groups. (RFC 2026) (Compare: RFC.)

Top      Up      ToC       Page 159 
      Usage: The term is customarily hyphenated when used either as a
      adjective or a noun, even though the latter is not standard
      English punctuation.

      Tutorial: An Internet-Draft is not an archival document like an
      RFC is. Instead, an Internet-Draft is a preliminary or working
      document that is valid for a maximum of six months and may be
      updated, replaced, or made obsolete by other documents at any
      time. It is inappropriate to use an Internet-Draft as reference
      material or to cite it other than as a "work in progress".
      Although most of the Internet-Drafts are produced by the IETF, any
      interested organization may request to have its working documents
      published as Internet-Drafts.

   $ Internet Engineering Steering Group (IESG)
      (I) The part of the ISOC responsible for technical management of
      IETF activities and administration of the Internet Standards
      Process according to procedures approved by the ISOC Trustees.
      Directly responsible for actions along the "standards track",
      including final approval of specifications as Internet Standards.
      Composed of IETF Area Directors and the IETF chairperson, who also
      chairs the IESG. (RFC 2026)

   $ Internet Engineering Task Force (IETF)
      (I) A self-organized group of people who make contributions to the
      development of Internet technology. The principal body engaged in
      developing Internet Standards, although not itself a part of the
      ISOC. Composed of Working Groups, which are arranged into Areas
      (such as the Security Area), each coordinated by one or more Area
      Directors. Nominations to the IAB and the IESG are made by a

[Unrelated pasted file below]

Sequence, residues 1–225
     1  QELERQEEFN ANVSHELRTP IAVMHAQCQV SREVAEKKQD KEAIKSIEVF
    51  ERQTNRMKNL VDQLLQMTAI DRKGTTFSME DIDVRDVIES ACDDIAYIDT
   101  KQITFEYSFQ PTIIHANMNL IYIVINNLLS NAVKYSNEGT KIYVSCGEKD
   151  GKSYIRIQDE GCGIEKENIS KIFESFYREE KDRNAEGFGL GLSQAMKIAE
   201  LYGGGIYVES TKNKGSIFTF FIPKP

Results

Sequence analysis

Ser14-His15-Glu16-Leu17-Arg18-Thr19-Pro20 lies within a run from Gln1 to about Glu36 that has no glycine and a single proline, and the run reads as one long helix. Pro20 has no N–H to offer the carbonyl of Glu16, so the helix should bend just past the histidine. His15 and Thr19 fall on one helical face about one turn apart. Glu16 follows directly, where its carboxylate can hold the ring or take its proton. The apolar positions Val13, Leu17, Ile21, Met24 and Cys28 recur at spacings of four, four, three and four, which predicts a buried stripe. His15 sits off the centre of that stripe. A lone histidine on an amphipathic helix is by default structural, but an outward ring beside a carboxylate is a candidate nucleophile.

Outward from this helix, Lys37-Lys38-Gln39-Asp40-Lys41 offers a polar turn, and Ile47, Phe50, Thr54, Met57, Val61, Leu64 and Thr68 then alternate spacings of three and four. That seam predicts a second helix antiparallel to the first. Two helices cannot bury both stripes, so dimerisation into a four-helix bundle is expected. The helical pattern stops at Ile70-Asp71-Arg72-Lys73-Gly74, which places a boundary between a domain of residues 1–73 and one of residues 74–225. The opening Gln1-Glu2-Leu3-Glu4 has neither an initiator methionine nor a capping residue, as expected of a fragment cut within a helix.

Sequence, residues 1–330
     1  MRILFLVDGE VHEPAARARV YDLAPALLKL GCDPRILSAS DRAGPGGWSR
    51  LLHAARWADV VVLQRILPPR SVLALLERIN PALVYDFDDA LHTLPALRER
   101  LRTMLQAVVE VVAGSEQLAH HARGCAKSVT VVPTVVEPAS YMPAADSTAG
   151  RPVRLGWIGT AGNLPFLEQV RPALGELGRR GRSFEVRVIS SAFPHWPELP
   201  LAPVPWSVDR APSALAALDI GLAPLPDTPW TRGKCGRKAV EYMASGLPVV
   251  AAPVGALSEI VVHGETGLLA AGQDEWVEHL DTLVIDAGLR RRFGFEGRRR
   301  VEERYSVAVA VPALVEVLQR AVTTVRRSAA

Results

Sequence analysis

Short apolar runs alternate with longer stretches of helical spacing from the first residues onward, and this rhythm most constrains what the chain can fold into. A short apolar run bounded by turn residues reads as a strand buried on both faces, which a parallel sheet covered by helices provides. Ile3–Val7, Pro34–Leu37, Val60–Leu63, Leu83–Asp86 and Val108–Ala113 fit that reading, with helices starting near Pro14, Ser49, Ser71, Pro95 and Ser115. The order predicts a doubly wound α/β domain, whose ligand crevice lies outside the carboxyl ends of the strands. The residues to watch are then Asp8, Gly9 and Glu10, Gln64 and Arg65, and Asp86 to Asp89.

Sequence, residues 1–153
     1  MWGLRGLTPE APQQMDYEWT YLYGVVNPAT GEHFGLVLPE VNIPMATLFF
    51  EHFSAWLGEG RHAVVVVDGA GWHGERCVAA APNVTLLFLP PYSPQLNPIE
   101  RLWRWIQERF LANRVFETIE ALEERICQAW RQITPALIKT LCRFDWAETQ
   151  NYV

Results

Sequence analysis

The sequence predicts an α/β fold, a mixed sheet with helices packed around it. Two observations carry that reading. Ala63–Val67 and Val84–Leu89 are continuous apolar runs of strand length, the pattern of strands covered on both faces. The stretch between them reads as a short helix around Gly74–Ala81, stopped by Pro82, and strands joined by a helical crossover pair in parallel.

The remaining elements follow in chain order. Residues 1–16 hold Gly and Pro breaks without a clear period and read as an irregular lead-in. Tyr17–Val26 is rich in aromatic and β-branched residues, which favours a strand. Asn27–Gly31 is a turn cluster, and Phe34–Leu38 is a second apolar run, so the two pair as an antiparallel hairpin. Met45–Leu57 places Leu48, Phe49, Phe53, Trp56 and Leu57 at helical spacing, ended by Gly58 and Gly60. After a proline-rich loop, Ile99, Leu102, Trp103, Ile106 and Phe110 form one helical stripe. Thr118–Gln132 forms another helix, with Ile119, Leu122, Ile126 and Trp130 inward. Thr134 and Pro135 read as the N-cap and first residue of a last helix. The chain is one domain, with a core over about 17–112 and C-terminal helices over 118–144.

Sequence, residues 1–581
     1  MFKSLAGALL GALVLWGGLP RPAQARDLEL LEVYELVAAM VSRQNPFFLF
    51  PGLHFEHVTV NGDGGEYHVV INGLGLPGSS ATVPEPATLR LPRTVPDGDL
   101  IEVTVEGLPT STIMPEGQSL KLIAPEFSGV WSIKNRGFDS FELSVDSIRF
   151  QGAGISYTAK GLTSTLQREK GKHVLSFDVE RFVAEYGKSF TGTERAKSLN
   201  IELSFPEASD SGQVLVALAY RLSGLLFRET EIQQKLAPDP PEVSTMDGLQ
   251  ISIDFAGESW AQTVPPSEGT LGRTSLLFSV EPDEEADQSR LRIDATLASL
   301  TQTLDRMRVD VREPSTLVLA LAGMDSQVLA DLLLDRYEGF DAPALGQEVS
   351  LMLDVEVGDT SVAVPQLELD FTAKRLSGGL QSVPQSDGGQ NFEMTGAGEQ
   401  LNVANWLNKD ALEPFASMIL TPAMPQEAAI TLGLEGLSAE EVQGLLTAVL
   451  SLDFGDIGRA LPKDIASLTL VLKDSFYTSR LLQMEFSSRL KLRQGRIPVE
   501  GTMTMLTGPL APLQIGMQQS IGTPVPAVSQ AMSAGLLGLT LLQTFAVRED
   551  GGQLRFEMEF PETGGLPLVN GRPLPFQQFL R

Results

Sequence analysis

committee selected at random from regular IETF meeting attendees
      who have volunteered. (RFCs 2026, 3935) [R2323]

   $ Internet Key Exchange (IKE)
      (I) An Internet, IPsec, key-establishment protocol [R4306] for
      putting in place authenticated keying material (a) for use with
      ISAKMP and (b) for other security associations, such as in AH and

      Tutorial: IKE is based on three earlier protocol designs: ISAKMP,
      OAKLEY, and SKEME.

   $ Internet Layer
      (I) See: Internet Protocol Suite.

   $ Internet Message Access Protocol, version 4 (IMAP4)
      (I) An Internet protocol (RFC 2060) by which a client workstation
      can dynamically access a mailbox on a server host to manipulate

Top      Up      ToC       Page 160 
      and retrieve mail messages that the server has received and is
      holding for the client. (See: POP3.)

      Tutorial: IMAP4 has mechanisms for optionally authenticating a
      client to a server and providing other security services. (See:

   $ Internet Open Trading Protocol (IOTP)
      (I) An Internet protocol [R2801] proposed as a general framework
      for Internet commerce, able to encapsulate transactions of various
      proprietary payment systems (e.g., GeldKarte, Mondex, SET, Visa
      Cash). Provides optional security services by incorporating
      various Internet security mechanisms (e.g., MD5) and protocols
      (e.g., TLS).

   $ Internet Policy Registration Authority (IPRA)
      (I) An X.509-compliant CA that is the top CA of the Internet
      certification hierarchy operated under the auspices of the ISOC
      [R1422]. (See: /PEM/ under "certification hierarchy".)

   $ Internet Private Line Interface (IPLI)
      (O) A successor to the PLI, updated to use TCP/IP and newer
      military-grade COMSEC equipment (TSEC/KG-84). The IPLI was a
      portable, modular system that was developed for use in tactical,
      packet-radio networks. (See: end-to-end encryption.)

   $ Internet Protocol (IP)
      (I) An Internet Standard, Internet-Layer protocol that moves
      datagrams (discrete sets of bits) from one computer to another
      across an internetwork but does not provide reliable delivery,
      flow control, sequencing, or other end-to-end services that TCP
      provides. IP version 4 (IPv4) is specified in RFC 791, and IP
      version 6 (IPv6) is specified in RFC 2460. (See: IP address,

      Tutorial: If IP were used in an OSIRM stack, IP would be placed at
      the top of Layer 3, above other Layer 3 protocols in the stack.

      In any IPS stack, IP is always present in the Internet Layer and
      is always placed at the top of that layer, on top of any other
      protocols that are used in that layer. In some sense, IP is the
      only protocol specified for the IPS Internet Layer; other
      protocols used there, such as AH and ESP, are just IP variations.

   $ Internet Protocol security
      See: IP Security Protocol.

Next RFC Part